An Interview with Terry Belanger of the Rare Book School,<br>Recipient of $500,000 MacArthur Award
- by Michael Stillman
Terry Belanger of the Rare Book School
By Mike Stillman
Money talks. When he was awarded one of the $500,000 MacArthur Foundation awards, Terry Belanger's name suddenly was heard by all kinds of people with little connection to the world of rare books. Of course, Mr. Belanger was already quite familiar to those deeply involved in the collecting and trading of rare and antiquarian titles. As Director of the Rare Book School at the University of Virginia, there is probably no one more knowledgeable in the field today. Still, just as there is likely no ABAA member or rare book librarian who does not know or know of Mr. Belanger, there must be 10,000 Abebooks and eBay dealers who do not. For them, half a million dollars served as an introduction.
Mr. Belanger received his award for the work he has done in education, for the history of books and printing, rare book librarianship, and antiquarian bookselling. The Rare Book School he heads up is the premier training grounds for those who will continue this mission in the years ahead. However, he is quick to look at the award as recognition of the importance of what he does, not some sort of personal honor. In a sense, this is an award in which all of us who are in some way connected to the preservation of old books share. It is recognition that antiquarian books are more than quaint relics of the past, but a part of who we are, worthy of our efforts at preservation. Of course, only Mr. Belanger gets to spend the money, but spiritually we all share in the prize.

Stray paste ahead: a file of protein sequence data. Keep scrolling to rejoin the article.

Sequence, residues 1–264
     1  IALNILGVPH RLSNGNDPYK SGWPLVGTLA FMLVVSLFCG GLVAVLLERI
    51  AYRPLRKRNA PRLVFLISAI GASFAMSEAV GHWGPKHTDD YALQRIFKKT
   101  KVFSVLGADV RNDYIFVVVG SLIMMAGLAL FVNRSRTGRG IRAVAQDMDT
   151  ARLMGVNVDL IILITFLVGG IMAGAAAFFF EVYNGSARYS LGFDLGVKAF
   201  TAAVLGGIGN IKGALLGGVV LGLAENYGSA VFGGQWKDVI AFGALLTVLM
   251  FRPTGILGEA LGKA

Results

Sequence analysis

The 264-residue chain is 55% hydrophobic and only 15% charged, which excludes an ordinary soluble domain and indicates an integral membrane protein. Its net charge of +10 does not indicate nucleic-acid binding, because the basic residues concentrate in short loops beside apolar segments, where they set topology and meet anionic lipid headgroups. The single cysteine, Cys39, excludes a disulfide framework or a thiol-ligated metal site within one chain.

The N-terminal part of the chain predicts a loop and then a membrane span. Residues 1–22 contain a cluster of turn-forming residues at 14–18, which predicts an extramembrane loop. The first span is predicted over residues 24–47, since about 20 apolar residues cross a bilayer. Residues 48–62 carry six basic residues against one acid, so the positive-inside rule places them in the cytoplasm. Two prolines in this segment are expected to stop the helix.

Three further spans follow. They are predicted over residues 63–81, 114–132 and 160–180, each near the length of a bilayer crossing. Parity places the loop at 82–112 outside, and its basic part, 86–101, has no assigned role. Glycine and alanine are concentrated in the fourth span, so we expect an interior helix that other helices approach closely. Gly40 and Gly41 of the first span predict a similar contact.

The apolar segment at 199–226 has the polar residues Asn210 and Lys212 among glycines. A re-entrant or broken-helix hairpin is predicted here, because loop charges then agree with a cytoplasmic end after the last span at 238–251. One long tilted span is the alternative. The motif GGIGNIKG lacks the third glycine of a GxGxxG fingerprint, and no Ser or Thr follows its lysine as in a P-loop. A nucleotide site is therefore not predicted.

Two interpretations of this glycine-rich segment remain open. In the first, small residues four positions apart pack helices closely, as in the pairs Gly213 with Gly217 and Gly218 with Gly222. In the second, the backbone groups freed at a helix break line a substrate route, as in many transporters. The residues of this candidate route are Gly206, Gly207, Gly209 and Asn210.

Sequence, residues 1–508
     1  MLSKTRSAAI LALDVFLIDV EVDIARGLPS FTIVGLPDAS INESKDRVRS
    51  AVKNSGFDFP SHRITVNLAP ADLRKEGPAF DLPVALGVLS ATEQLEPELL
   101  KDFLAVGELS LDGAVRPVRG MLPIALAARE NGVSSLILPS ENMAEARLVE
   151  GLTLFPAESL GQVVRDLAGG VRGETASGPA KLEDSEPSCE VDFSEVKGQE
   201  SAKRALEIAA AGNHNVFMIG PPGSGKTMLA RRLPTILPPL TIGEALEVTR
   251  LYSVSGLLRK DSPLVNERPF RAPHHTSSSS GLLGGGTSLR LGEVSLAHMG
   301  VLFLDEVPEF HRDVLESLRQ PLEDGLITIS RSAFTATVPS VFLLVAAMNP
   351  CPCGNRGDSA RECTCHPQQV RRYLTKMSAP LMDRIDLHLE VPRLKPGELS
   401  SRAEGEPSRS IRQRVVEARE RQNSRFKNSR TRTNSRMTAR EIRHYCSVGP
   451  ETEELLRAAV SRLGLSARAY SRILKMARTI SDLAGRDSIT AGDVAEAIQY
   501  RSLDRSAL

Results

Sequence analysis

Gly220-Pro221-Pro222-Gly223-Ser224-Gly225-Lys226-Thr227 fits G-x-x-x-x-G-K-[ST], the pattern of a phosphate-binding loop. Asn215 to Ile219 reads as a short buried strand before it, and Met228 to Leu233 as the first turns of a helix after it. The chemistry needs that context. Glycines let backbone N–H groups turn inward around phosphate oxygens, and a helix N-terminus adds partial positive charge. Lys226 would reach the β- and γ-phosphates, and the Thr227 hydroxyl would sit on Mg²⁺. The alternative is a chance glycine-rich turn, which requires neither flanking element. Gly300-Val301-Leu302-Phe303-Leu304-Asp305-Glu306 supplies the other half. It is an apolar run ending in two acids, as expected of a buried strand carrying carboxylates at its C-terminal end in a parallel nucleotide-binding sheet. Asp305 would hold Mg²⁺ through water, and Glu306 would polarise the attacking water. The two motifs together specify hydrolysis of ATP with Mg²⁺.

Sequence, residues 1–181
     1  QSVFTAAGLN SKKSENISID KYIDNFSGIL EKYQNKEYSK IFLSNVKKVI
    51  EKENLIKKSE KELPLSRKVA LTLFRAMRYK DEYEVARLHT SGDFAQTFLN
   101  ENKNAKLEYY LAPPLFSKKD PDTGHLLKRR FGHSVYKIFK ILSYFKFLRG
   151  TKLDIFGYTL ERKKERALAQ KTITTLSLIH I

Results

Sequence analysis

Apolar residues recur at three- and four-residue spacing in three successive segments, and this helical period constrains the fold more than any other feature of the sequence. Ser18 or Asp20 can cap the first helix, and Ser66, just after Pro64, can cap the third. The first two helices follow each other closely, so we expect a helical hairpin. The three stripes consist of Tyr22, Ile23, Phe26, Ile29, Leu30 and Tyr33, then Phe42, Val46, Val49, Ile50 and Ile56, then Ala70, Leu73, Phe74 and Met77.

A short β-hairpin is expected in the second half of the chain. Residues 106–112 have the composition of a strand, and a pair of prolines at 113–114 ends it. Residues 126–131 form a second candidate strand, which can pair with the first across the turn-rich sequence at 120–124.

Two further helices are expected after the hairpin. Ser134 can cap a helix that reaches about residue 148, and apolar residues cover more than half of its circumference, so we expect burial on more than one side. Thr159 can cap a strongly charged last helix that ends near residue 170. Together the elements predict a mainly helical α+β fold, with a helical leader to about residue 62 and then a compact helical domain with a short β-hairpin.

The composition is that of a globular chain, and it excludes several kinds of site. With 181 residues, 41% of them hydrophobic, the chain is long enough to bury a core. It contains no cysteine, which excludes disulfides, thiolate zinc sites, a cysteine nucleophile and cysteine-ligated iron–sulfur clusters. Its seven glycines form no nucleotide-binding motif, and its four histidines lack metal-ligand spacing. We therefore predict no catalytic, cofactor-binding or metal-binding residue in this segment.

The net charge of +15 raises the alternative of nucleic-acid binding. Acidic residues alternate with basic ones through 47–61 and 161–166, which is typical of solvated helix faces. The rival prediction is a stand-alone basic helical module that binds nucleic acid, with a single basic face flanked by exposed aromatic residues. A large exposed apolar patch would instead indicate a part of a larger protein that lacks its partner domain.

Being named a MacArthur Fellow provided the perfect segue to an interview with Mr. Belanger. Despite being a specialist in things antiquarian, Terry Belanger is equally expert on the issues of today, many of which arise out of the huge technological advances of the past two decades. We asked about current issues and concerns, such as online bookselling, digitization of books, and the role of rare book libraries in a rapidly changing environment. Some of his answers may surprise you. All are worth hearing because, no slight intended, he almost surely knows more about this field than either you or I.
First, for those still unfamiliar, here is a brief account of the Rare Book School and its director. Terry Belanger established the Book Arts Press at Columbia University in 1971, and was serving as Assistant Dean in its School of Library Service in 1983 when he started the Rare Book School. Columbia was considering closing its School of Library Service. The Rare Book School offered an opportunity for Columbia's school to reach and educate others who could not participate in the degree program, providing added justification for keeping the library program alive. The RBS succeeded in educating many times as many students as was possible through the limited access degree program.